(This is just the first part. For the full list click here. To download, click here. )I have actually heard about Fahmi Redza’s documentary on the AMCJA-PUTERA fight for an independent Malaya for quite some time, but never found time to watch it until last week. First, over lunch ‘Abidin expressed how it was a good piece of work. Coming from someone who is not exactly an AMCJA-PUTERA admirer is certainly something. Then the next day, Azmi Sharom compared watching 10 Tahun Sebelum Merdeka with 1957 Hati Malaya in the Star.
It’s a good documentary. For people who have never bothered to read on the other side of history, it’s a must watch, as veteran members of AMCJA-PUTERA gave their account of the experience leading up to the massive Hartal of 1947.
As Azmi Sharom wrote:
The People’s Constitution was an amazingly progressive document that demanded independence, with equal political rights, a new nationality of “Melayu”, equal citizenship rights and an inter-ethnic council with the job of getting rid of all racially discriminating laws.
It was a truly Malayan document designed to create a nation consisting of Malayans.
The concept of a Bangsa Malaysia existed in 1947.
The hartal which scared the British into taking harsh measures like declaring an emergency and imprisoning and deporting the men and women involved was also an eye-opener.
It was embraced by the people of the country across ethnic lines and goes to show that ordinary Malaysians of the time were politically courageous and willing to accept the progressive, liberal and inclusive People’s Constitution…
At the end of the day, Sepuluh Tahun Sebelum Merdeka is more than a simple history lesson, for the struggle of the left in 1940s Malaya has a resonance today in 21st Century Malaysia.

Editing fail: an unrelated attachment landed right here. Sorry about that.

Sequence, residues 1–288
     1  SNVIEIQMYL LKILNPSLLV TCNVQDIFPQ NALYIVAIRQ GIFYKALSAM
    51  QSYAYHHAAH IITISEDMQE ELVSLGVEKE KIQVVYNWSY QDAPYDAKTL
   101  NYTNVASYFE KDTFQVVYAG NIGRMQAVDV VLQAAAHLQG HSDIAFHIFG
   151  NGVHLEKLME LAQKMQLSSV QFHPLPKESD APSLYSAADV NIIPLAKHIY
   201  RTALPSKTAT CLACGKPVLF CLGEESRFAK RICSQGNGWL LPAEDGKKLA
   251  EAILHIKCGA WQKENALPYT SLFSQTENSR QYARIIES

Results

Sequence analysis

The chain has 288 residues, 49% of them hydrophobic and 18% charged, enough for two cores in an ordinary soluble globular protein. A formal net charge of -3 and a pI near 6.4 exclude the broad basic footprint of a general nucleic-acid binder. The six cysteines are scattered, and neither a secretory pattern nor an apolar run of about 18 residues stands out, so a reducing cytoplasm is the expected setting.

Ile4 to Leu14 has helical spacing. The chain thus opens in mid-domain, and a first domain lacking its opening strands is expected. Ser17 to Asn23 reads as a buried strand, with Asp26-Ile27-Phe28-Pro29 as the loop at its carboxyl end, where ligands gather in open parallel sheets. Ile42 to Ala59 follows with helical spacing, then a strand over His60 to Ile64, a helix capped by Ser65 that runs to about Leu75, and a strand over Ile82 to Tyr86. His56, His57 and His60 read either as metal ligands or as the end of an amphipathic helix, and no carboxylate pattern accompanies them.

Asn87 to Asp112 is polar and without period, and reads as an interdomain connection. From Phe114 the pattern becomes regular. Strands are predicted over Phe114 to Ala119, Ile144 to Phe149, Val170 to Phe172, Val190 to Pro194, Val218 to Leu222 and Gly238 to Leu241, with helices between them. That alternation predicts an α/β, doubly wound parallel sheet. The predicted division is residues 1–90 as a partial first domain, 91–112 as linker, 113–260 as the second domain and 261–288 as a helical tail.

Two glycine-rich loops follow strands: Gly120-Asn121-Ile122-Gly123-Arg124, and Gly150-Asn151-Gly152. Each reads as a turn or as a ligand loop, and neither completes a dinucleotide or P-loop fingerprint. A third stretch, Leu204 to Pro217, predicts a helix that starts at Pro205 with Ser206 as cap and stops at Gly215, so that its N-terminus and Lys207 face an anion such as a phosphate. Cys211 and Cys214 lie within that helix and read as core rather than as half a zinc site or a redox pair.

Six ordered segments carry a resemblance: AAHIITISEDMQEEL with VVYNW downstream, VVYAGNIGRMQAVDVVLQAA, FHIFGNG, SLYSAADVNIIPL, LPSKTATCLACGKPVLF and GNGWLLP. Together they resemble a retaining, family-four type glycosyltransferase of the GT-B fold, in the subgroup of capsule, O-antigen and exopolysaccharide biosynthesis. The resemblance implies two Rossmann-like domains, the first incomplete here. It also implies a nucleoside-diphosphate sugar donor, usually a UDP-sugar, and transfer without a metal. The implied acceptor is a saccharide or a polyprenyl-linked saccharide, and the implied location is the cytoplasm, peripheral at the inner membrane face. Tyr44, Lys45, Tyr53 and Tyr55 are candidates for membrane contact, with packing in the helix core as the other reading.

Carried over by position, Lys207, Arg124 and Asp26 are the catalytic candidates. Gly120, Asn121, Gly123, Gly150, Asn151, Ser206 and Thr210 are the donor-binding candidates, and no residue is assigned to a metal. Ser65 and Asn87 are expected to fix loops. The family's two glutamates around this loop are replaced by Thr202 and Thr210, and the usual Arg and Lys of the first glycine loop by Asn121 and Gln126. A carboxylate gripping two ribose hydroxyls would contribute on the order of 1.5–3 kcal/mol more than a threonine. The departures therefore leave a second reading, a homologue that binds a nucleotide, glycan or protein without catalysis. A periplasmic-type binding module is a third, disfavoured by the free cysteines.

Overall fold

Some of the scenes – like the pro-British press belittling the people’s movement and their call for equality and independence; the vicious and arrogant measures taken by the colonial masters – look all too familiar.
AMCJA-PUTERA predated the UMNO-MCA-MIC Alliance (more intriguingly, MIC was a member while Tun Tan Cheng Lock, the later MCA president was heading the Malayan Democratic Union, a leading AMCJA component party). This was the first multiracial coalition in the country, and the Hartal of 1947 which was organised in protest to the Federation of Malaya Constitution involved millions of Malayans of all races. AMCJA-PUTERA proposed the People’s Constitution instead, but the British ignored it.
No wonder the British were unnerved and decided to suppress the coalition. At that time, UMNO (which contrary to their current members’ version of history, also took part in Anti Malayan Union demonstrations) could only muster Hidup Melayu as its slogan, whereas PUTERA had called for Merdeka.
As a bonus, the tracks for the movie is really impressive – from the Sex Pistols to the Clash to the Ramones. Not forgetting, Black’s Dr. Burhanuddin Al Helmy which I first heard at the Youth 4 Change Young Voters Carnival. Watching it, I can’t help but feel tiny compared to all the giants of the past. They faced not only the local cynics but also a superpower. They were poorer and did not have the Internet or handphones. Yet they dared to dream of a free Malaya.